North and South
Penguin, 1996 (original publication 1855)
My journey to this book is an interesting one. Several years ago, a girlfriend suggested I give the BBC miniseries North & South a try, since I like Jane Austen miniseries so much. I tucked the recommendation away in my mental files, and it got lost. Then, on twitter, I saw where Kimberly Truesdale mentioned her next writing project, and got sucked into a hilarious conversation about superpowers, Mr Thornton (whom I knew nothing about) and Thorin Oakenshield (who I definitely have opinions on!) Out of that late night hilarity, we came up with the idea of an Indie Jane read-along of North and South, to culminate in a group watch of the miniseries (it stars the dreamy Dwarf King in a cravat. I kid you not). And so, the reading began ... and I was so, so hooked.
The story itself is ... well, it's quite a bit like Pride and Prejudice, actually. There's the girl (Margaret), who finds herself in reduced circumstances thanks to the nonthinking of her father, and who has been transplanted from the country South to the industrial North of England. And there's this guy (Thornton), who is a little brash around the edges - and definitely broody - not to mention substantially better off than the girl's family, and has been born and raised in this bustling industrial sector. Girl meets guy, and sparks fly. But not the dreamy romantic kind. Oh no, these two get along about as well as cats and rain. Margaret misses the quiet, clean, slower paced South, and fails to see how anyone could prefer the smoke and crowded noise of Milton. She soons finds herself making friends among the workers, and wrapped up in the middle of all the intricate ins and outs of mill town politics. Because her heart and sense of justice tell her things must change, but her prejudice prevents her from seeing the truth of Thornton's arguments. Oh yes, these two argue. It's delicious. And, of course, just as things might be beginning to sort themselves out "as they should," new complications arise by way of a clandestine visit from the outlaw brother, entirely too many deaths in quick succession, and the whisking away of Margaret from Milton back to London. Is all hope lost? Never! This is British literature we're talking about, and our dear writers never leave us in the lurch for long.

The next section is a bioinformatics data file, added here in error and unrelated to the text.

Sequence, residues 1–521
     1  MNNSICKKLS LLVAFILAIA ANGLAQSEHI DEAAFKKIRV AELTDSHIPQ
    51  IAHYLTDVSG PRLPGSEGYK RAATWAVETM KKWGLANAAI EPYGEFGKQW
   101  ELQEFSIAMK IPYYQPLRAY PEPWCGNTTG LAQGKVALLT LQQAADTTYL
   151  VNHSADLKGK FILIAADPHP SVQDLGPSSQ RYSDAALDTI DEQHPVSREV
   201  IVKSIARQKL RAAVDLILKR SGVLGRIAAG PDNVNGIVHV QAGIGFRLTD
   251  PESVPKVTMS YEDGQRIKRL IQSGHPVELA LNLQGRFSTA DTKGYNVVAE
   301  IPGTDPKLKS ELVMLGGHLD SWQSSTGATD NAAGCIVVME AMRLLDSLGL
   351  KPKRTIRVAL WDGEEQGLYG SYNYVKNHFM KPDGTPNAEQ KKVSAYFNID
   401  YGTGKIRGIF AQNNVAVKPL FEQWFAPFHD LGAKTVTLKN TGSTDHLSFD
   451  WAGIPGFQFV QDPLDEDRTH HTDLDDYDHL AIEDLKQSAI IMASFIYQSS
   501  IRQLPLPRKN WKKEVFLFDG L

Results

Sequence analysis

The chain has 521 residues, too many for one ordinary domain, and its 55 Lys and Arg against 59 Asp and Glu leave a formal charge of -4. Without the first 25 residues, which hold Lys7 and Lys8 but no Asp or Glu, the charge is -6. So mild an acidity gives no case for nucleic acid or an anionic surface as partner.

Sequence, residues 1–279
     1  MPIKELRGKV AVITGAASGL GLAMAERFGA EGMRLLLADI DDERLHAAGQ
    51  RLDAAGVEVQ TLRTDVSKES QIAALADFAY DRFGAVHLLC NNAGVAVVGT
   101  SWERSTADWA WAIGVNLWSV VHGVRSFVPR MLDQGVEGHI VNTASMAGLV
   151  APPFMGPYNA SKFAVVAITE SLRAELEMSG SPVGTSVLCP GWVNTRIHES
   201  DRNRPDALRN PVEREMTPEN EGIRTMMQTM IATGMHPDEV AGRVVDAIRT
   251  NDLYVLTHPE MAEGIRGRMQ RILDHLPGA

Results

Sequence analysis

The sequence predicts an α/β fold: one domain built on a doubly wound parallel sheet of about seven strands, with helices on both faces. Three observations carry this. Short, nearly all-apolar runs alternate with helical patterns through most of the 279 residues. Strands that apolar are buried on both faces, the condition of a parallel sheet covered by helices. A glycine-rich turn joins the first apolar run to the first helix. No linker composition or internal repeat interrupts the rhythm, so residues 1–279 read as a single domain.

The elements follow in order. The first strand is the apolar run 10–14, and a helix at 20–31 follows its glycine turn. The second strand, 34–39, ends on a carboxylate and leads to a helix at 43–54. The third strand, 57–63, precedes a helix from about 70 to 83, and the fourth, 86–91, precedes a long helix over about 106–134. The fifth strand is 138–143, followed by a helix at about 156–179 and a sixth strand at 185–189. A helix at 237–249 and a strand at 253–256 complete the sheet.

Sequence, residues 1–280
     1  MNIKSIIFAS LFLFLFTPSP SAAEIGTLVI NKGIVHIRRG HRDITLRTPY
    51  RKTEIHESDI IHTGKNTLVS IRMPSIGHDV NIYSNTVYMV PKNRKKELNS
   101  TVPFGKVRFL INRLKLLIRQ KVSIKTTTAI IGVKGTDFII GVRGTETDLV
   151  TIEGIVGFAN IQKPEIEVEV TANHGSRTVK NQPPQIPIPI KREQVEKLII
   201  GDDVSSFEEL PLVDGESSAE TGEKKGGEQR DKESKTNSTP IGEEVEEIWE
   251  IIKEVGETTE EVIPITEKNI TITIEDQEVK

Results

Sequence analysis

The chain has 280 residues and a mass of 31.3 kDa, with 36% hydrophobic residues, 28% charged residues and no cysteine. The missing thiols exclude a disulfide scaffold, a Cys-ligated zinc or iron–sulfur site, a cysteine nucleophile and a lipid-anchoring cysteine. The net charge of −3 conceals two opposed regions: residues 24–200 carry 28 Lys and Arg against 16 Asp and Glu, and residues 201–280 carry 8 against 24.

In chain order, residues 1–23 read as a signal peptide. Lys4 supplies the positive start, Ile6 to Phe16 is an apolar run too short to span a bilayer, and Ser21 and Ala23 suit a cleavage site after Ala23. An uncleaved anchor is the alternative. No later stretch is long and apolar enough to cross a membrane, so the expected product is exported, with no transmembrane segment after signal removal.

I delighted in this reading. There are lines that snagged my soul, and characters I loved to hate. And there's Thornton ... oh, Thornton. He tries so hard, he's so very rough and unpracticed. But he's real. He's flawed. He's human. He's totally on Darcy's level. And Margaret has such a sweet, sweet heart. It makes her prejudices more understandable, because she feels so much for everyone. I've rarely been prouder of a character however, than I was when she up and decided to tackle her life her own way, at the end. It was the perfect lead up to a lovely little encounter in the Library ... Definitely happy I was prodded into reading this gem. Now I can even more fully appreciate Kim's version when it comes out and I have a new author to pursue.
Book provided by my personal library.